The International Criminal Court: Possibilities for Prosecutorial Abuse

By Rubin, Alfred P. | Law and Contemporary Problems, Winter 2001 | Go to article overview

The International Criminal Court: Possibilities for Prosecutorial Abuse


Rubin, Alfred P., Law and Contemporary Problems


ALFRED P. RUBIN [*]

I

INTRODUCTION

So many problems are present in setting up an international criminal court consistent with the current international legal, moral, and political orders, that one must at least admire the intensity and dedication of those involved in the effort. It is tempting to conclude that the current international orders are simply not consistent with the pattern of a world government that is implied in the notion of a transnational criminal court administering "universal law" applicable to "universal crimes." But the attempts to build a superstructure of legal governance on the existing system, using the tools of positive international law, have achieved a remarkable degree of superficial success. Thus, it seems appropriate to pause and reconsider the situation. On the face of it, the questions themselves are daunting. Who should determine the content of any international criminal law? How should that determination be made? When and to whom should it be applied, and what institutional structure should govern? It is far beyond the power of a single writer to address all these issues in a short compass. [1]

A very large group of statesmen and scholars has attempted to grapple with these issues. The result is the Rome Statute for an International Criminal Court. [2] To analyze that attempt definitively at this time is difficult, however, because the statute itself is being expanded and supplemented in ways that substantially revise it. Nonetheless, some issues which seem to be ignored or underrated by those involved in framing the Statute and its implementing regulations seem obvious to those who have had to work with attempts in the past to systematize an hypothesized international criminal law. [3]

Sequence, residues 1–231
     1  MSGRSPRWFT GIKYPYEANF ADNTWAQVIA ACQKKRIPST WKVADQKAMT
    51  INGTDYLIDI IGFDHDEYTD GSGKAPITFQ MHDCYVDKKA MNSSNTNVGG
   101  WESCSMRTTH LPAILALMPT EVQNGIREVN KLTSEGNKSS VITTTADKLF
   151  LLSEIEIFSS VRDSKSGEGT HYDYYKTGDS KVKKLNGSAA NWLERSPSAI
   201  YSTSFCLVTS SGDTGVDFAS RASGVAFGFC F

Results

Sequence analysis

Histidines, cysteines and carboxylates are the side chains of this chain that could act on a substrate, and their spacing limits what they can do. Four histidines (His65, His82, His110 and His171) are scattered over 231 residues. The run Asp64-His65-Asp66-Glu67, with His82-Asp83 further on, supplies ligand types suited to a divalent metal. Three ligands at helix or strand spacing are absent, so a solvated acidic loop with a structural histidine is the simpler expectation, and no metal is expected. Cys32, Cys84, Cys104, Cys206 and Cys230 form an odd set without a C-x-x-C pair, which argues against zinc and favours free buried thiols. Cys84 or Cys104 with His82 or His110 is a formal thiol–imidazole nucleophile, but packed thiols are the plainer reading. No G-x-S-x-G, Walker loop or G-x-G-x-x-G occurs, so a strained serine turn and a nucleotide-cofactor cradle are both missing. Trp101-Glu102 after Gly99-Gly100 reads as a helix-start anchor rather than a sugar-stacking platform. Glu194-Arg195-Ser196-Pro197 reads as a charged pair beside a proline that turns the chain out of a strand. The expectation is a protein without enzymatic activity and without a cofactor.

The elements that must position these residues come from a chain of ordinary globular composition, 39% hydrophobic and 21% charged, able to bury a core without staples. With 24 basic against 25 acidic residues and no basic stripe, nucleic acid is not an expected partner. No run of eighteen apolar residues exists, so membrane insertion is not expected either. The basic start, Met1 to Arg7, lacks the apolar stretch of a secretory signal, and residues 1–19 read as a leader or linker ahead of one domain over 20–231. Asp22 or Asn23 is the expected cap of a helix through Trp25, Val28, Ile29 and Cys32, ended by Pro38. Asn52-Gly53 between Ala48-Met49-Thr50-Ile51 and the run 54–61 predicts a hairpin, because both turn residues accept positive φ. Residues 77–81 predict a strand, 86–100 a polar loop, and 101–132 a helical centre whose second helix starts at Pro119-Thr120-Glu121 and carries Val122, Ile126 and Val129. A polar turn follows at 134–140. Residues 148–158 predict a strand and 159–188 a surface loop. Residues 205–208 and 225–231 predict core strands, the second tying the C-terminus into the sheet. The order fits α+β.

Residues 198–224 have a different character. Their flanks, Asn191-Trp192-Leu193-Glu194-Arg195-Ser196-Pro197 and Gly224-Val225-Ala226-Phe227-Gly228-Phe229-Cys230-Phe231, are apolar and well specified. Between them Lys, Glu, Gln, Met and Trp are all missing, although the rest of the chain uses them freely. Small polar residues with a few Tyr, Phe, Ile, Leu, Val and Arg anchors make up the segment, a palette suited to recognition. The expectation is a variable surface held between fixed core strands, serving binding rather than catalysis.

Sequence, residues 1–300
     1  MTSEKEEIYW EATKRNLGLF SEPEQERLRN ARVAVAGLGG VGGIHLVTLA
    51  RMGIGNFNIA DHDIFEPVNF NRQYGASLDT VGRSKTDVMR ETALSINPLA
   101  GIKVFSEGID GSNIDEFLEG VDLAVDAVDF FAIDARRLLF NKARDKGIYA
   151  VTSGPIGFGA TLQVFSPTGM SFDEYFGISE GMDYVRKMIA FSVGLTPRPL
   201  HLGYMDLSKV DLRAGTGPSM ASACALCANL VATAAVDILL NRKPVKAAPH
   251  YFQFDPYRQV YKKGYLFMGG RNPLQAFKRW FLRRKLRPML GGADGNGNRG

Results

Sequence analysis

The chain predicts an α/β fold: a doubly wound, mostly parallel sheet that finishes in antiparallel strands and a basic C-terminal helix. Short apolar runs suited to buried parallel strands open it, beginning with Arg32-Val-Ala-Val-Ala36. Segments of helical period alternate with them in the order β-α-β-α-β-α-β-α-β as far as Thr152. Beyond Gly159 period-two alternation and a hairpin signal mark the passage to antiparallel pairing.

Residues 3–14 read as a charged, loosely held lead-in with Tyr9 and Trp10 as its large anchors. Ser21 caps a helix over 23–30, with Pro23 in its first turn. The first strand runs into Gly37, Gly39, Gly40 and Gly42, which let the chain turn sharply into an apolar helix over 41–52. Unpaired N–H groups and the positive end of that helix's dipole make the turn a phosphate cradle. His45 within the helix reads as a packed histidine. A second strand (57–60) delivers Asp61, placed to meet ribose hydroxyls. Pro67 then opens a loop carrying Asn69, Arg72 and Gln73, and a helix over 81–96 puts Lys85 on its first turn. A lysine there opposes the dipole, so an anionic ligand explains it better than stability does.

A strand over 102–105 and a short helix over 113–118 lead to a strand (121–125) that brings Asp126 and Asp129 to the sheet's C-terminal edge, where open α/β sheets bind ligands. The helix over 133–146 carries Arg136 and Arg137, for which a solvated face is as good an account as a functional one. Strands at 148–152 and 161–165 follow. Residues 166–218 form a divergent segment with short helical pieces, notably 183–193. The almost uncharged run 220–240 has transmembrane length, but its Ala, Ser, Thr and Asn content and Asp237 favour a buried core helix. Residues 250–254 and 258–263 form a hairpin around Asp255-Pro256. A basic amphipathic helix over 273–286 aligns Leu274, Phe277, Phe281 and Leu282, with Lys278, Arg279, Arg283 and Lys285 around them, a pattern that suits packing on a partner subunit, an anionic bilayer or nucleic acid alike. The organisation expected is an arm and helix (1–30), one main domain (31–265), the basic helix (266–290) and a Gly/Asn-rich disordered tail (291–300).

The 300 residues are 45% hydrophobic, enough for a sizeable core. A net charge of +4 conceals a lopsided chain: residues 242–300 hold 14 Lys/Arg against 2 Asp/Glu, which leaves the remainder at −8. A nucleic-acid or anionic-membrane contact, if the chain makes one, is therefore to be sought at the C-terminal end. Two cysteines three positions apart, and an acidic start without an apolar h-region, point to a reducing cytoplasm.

II

AUTHORITY OF THE PROSECUTOR

One key aspect is the authority of the prosecutor to initiate the process of the tribunal by charging particular individuals with violations of the law set out in the statute-the supposed international criminal law. As proposed, the discretion given to the prosecutor is enormous. Thus, the potential for abuse of that discretion is also enormous; and reasonable people may disagree that the discretion will always be exercised consistently with basic concepts of justice or the rule of law supposedly implemented by the proposed institution. Indeed, if the prosecutor is to act at all, disputes about the conformity of the definitions of "international crimes" with true international law must arise if an accused is to be able to defend him or herself or, if the prosecutor does not act, identical questions must arise as aggrieved victims of alleged atrocities question the failure of the institution to administer at least retributive justice against those alleged to have committed various atrocities.[4]

A. Distribution of Authority under Prior Arrangements

Until the impetus for an international criminal court reached a degree of intensity that made it politically impossible to stop, individual states had responsibility for formulating appropriate criminal laws and applying appropriate criminal sanctions.[5] This resulted in various unworkable arrangements. Under the Genocide Convention of 1948, for example, only the state in which "genocide" occurred has the responsibility to criminalize it or to submit accusations of genocide to an international tribunal.[6] But the state in which the suspected atrocities occurred is obviously the state least likely to accuse its own leaders of pursuing a villainous national policy while those leaders retain their authority under the municipal constitutional law of that state. If there had been a radical change in government in that state, and the trial were part of a political vendetta against the former leaders, it is questionable whether "justice" could be done because i t is doubtful that exculpatory evidence would be made available.[7] Similarly, if there had been a negotiated change of government, then questions would arise over whether the viability of amnesties and other legal arrangements agreeable to the parties directly involved should be jeopardized by outsiders. …

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